The purpose of this paper is to explore subjective life histories and leadership journeys of senior leaders, drawing upon elements of an authentic leadership framework (life trigger events, values and emotions). The paper surfaces partial life histories and the often unheard of individual experiences of becoming a leader, offering stories to others as a media for learning and extending authentic leadership theory.
The paper draws upon a qualitative empirical study engaging 22 UK senior leaders in semi‐structured interviews, involving a life‐history approach to generate subjective narratives of how individuals establish and sustain leadership.
The empirical data highlights that elements of authentic leadership theory resonate in practice. Senior leaders' life histories and in particular negative trigger events are significant to their approach as leaders. The values of honesty and integrity were important to the leaders, with some able to sustain their values uncompromisingly. The leaders openly expressed emotion and vulnerability when re‐telling their stories, but whether they do so as leaders in relationships with others, requires further research. Authentic leadership theory may be over simplified in terms of emotion and vulnerability in practice.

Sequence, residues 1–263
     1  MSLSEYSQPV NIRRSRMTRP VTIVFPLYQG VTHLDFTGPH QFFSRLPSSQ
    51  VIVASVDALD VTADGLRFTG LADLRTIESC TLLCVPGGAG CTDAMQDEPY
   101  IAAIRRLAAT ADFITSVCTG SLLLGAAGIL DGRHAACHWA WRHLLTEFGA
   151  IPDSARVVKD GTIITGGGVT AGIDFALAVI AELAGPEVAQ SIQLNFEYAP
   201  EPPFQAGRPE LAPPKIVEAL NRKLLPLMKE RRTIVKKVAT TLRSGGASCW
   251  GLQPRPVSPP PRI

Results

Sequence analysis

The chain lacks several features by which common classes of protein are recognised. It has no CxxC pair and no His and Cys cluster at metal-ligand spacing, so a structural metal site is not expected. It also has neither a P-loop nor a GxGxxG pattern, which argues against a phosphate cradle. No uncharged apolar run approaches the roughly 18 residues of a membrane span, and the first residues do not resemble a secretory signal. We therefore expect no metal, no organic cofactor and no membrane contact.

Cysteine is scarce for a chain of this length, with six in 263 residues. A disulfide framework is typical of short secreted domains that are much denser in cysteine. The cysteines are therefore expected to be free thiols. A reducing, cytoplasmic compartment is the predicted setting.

Elements of authentic leadership offer alternative understandings of experiences of leaders. The life history approach enables important insights into leaders' subjective realities and should be integral to leadership development approaches.
The paper offers empirical data from UK senior leaders, highlighting the unheard of strutting and fretting of leadership and contributing empirical research to authentic leadership theory.
Turner, J. and Mavin, S. (2008), "What can we learn from senior leader narratives? The strutting and fretting of becoming a leader", Leadership & Organization Development Journal, Vol. 29 No. 4, pp. 376-391. https://doi.org/10.1108/01437730810876168
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